Northern Shoveler Life and Behavior

Northern Shovelers are a fairly quiet species. They are most active during the breeding season. The males put on displays to attract females both in the air and in the water. Despite their bulky appearance, northern shovelers are smooth fliers.

After courtship, the females lay about 9 eggs, which the drake helps to guard and raise. Drakes are aggressive and will violently defend their partners and nesting grounds if threatened.

Northern Shoveler Feeding

Northern Shovelers feed through a unique mechanism called filter-feeding. These birds draw water
into their bills and pump it out through their sides with their tongue. While doing so, small food
particles are filtered out by the lamellae that line the edge of their bills. These food particles might
include mollusks, insects, seeds, crustaceans, and leaves and stems of plants. Other than these
they also eat snails, small minnows, and water beetles. Northern Shovelers are very rarely
observed feeding on land. These birds usually eat in flocks, assisting each other by swimming in,
or circling a certain area in groups due to which the food particles get churned to the surface.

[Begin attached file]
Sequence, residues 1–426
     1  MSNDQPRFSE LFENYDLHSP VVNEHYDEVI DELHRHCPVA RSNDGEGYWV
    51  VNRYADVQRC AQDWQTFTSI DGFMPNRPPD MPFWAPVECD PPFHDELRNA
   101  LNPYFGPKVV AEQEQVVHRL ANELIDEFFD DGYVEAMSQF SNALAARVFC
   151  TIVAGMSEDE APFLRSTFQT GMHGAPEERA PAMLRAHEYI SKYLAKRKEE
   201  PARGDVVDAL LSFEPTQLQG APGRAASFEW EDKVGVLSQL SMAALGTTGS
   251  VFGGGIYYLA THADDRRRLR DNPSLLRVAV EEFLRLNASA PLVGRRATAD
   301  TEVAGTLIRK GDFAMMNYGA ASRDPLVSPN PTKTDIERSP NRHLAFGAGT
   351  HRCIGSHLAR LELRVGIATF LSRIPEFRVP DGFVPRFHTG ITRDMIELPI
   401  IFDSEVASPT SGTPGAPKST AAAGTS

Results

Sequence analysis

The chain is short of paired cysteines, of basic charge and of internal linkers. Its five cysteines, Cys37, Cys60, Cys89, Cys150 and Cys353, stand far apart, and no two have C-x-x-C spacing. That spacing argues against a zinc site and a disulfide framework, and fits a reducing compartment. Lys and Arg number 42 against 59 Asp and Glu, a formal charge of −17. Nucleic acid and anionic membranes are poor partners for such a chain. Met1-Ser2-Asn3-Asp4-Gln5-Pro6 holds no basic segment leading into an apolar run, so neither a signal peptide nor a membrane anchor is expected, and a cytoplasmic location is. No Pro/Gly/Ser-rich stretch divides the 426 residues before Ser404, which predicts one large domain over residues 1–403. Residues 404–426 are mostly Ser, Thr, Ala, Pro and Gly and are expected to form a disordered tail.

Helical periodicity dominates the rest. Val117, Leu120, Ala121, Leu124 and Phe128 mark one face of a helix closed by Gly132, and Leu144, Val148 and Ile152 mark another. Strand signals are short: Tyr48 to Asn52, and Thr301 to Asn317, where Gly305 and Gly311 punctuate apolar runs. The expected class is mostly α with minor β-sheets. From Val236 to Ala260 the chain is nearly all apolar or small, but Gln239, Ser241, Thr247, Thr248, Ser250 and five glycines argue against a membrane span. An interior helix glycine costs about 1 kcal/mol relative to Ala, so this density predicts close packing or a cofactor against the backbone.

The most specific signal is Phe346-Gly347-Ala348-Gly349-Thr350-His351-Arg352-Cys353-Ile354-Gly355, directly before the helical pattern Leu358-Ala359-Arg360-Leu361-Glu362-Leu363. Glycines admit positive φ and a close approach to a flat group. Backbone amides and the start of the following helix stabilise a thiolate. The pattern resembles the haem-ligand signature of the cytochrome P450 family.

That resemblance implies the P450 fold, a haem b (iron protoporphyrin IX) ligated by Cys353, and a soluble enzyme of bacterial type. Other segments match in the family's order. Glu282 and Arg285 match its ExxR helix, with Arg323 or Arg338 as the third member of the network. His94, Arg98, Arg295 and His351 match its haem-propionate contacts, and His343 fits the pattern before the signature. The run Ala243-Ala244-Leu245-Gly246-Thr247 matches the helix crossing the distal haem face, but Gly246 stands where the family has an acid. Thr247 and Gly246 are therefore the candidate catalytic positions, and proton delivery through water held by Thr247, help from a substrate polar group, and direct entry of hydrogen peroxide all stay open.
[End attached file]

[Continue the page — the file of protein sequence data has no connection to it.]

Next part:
Individuals can produce the same effect by swimming in a tight circle to create a whirlpool. These
birds can also use their wings to swim underwater in shallow waters to feed.

They feed on both plant and animal life. They skim the floor of water bodies using their specialized bills that have small, comb-like structures that act as sieves. They feed on invertebrates such as crustaceans for protein sources. Their special bills give them an edge over other ducks and hence they have little competition for food.

Northern Shoveler Habitat

Northern Shovelers most commonly breed in shallow marshlands and wet grasslands with dry
areas nearby for nesting. They prefer regions with shallow waters and muddy bottoms. In summers
they can be found in prairies, marshes, or tundra, in close proximity to regions with shallow water.